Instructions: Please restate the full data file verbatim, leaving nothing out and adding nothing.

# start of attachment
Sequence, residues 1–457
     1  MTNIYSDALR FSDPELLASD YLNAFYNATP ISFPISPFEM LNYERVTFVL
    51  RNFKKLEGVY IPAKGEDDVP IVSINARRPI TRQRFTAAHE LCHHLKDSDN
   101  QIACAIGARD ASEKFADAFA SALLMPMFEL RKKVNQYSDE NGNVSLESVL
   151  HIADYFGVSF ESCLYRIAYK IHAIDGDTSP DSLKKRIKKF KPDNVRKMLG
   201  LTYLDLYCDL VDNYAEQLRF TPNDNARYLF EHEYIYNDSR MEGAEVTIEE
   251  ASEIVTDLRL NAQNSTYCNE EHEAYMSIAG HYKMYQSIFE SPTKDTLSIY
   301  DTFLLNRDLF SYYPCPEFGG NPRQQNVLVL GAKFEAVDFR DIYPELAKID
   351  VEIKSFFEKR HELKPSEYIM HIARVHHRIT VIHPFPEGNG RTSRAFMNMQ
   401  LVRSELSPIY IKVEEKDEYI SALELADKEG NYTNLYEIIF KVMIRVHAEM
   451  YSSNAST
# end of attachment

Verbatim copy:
Sequence, residues 1–457
     1  MTNIYSDALR FSDPELLASD YLNAFYNATP ISFPISPFEM LNYERVTFVL
    51  RNFKKLEGVY IPAKGEDDVP IVSINARRPI TRQRFTAAHE LCHHLKDSDN
   101  QIACAIGARD ASEKFADAFA SALLMPMFEL RKKVNQYSDE NGNVSLESVL
   151  HIADYFGVSF ESCLYRIAYK IHAIDGDTSP DSLKKRIKKF KPDNVRKMLG
   201  LTYLDLYCDL VDNYAEQLRF TPNDNARYLF EHEYIYNDSR MEGAEVTIEE
   251  ASEIVTDLRL NAQNSTYCNE EHEAYMSIAG HYKMYQSIFE SPTKDTLSIY
   301  DTFLLNRDLF SYYPCPEFGG NPRQQNVLVL GAKFEAVDFR DIYPELAKID
   351  VEIKSFFEKR HELKPSEYIM HIARVHHRIT VIHPFPEGNG RTSRAFMNMQ
   401  LVRSELSPIY IKVEEKDEYI SALELADKEG NYTNLYEIIF KVMIRVHAEM
   451  YSSNAST